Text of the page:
Theodora Fragkouli

About Theodora Fragkouli

Theodora has graduated from Computer Engineering and Informatics Department in the University of Patras. She also holds a Master degree in Economics from the National and Technical University of Athens. During her studies she has been involved with a large number of projects ranging from programming and software engineering to telecommunications, hardware design and analysis.

Spring 3 Bean Reference Example

With this example we shall show you how to create bean references, using either annotations or xml configuration in Spring 3.2.3. In Spring, a bean can have references to other beans. The Spring container validates the configuration of each bean as the container is created, including the validation of whether bean reference properties refer to valid beans. However, the bean properties themselves are not set until the bean is actually created.

Our preferred development environment is Eclipse. We are using Eclipse Juno (4.2) version, along with Maven Integration plugin version 3.1.0. You can download Eclipse from here and Maven Plugin for Eclipse from here. The installation of Maven plugin for Eclipse is out of the scope of this tutorial and will not be discussed. We are also using Spring version 3.2.3 and the JDK 7_u_21.

Let’s begin,

1. Create a new Maven project

Go to File -> Project ->Maven -> Maven Project.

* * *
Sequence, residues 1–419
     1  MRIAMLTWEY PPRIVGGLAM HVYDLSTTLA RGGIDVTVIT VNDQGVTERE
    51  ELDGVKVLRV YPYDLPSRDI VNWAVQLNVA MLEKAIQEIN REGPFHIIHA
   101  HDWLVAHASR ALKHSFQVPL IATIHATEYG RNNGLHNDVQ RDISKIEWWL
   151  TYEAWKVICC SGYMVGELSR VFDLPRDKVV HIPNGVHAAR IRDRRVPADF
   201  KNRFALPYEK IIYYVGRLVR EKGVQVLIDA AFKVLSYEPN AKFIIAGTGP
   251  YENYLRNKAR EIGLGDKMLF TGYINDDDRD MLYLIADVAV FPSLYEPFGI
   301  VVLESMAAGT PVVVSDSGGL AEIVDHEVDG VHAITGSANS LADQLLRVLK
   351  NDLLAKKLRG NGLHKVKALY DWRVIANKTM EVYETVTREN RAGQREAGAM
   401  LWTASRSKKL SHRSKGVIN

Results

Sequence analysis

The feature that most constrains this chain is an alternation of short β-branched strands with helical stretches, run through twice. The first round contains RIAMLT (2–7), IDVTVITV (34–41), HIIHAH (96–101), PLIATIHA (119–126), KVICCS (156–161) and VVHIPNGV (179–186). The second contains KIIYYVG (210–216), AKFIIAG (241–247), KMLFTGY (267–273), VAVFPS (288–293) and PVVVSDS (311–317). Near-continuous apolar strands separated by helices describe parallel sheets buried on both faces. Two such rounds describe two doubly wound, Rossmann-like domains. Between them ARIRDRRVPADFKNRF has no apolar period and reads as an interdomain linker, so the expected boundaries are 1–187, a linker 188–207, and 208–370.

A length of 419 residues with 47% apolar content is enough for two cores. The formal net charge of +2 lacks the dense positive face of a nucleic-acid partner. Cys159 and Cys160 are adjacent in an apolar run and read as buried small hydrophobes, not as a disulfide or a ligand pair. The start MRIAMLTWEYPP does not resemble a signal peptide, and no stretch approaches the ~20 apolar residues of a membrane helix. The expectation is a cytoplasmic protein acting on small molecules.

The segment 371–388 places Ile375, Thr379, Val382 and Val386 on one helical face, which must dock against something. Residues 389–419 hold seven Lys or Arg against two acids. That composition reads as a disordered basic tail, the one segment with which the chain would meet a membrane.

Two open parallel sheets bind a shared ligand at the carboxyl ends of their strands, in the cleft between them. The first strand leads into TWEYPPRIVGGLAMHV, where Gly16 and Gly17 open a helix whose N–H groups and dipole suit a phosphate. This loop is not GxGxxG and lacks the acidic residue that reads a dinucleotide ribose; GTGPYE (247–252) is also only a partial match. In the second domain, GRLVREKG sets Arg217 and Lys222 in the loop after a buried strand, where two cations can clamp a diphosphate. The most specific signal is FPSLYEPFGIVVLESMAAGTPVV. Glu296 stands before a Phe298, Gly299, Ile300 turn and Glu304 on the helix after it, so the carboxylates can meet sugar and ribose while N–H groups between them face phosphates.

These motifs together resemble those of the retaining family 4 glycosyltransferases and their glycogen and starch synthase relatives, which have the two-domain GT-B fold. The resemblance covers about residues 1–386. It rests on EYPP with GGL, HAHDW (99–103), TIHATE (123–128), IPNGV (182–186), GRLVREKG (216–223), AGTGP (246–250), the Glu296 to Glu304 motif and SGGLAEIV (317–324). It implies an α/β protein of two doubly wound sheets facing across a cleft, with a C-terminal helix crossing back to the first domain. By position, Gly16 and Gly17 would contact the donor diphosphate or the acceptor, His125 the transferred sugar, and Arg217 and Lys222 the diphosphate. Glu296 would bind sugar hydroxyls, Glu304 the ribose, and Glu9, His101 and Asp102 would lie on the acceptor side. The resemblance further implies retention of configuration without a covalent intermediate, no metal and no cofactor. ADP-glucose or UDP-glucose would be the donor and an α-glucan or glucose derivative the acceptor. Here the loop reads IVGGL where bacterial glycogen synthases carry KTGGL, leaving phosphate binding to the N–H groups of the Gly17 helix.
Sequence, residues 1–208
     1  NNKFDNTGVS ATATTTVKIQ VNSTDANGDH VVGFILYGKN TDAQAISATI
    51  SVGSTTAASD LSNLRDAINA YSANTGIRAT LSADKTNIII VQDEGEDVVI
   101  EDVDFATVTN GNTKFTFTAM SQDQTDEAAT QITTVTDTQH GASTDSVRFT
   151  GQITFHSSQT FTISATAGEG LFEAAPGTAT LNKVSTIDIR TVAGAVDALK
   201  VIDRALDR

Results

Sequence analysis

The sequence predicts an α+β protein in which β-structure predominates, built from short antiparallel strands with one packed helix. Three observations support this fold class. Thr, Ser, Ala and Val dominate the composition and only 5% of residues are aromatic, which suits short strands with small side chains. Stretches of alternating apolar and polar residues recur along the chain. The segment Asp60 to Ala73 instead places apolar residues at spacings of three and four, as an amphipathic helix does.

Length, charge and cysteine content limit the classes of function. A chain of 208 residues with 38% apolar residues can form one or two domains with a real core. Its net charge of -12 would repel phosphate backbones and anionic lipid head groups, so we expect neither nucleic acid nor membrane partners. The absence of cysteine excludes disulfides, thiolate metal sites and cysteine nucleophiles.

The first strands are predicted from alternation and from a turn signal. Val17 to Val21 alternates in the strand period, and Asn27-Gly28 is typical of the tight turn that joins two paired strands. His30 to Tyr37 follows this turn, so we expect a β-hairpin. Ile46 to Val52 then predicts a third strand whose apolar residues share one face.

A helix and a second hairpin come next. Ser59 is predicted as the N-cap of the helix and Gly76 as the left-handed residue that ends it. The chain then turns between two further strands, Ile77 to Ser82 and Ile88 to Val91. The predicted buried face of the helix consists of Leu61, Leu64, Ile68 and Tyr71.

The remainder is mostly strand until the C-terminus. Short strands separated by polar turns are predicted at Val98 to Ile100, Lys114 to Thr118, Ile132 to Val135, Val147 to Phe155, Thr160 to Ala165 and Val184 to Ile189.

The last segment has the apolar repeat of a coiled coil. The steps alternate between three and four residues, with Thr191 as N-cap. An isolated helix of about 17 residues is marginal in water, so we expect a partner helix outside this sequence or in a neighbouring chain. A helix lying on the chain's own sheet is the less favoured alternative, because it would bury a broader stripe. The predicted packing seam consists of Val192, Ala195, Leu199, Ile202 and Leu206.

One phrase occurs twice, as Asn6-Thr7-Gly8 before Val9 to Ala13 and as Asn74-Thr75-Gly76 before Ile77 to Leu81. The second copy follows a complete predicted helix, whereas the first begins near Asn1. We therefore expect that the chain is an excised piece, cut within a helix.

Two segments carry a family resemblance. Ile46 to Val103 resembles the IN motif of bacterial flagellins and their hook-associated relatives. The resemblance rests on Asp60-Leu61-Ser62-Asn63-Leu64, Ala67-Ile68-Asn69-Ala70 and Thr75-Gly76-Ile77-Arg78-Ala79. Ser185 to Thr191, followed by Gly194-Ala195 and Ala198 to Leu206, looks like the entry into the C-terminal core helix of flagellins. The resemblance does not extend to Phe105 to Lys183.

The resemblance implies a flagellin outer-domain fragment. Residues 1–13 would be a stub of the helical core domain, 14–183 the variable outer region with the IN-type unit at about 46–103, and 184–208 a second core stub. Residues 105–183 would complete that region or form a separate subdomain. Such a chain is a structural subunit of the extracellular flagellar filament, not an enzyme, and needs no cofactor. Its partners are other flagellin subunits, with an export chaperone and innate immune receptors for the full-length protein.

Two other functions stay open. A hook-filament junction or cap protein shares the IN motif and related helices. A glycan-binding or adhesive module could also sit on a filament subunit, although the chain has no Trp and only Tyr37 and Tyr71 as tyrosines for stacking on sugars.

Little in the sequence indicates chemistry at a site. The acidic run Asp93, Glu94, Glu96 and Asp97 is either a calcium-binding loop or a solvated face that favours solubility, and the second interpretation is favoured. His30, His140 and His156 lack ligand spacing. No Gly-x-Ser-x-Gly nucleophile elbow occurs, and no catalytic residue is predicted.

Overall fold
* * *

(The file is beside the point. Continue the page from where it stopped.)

New-Maven-Project

In the “Select project name and location” page of the wizard, make sure that “Create a simple project (skip archetype selection)” option is checked, hit “Next” to continue with default values.

Maven-Project-Name-Location

In the “Enter an artifact id” page of the wizard, you can define the name and main package of your project. We will set the “Group Id” variable to "com.javacodegeeks.snippets.enterprise" and the “Artifact Id” variable to "springexample". The aforementioned selections compose the main project package as "com.javacodegeeks.snippets.enterprise.springexample" and the project name as "springexample". Hit “Finish” to exit the wizard and to create your project.

Configure-Maven-Project

The Maven project structure is shown below:

Maven-project-structure

    It consists of the following folders:

  • /src/main/java folder, that contains source files for the dynamic content of the application,
  • /src/test/java folder contains all source files for unit tests,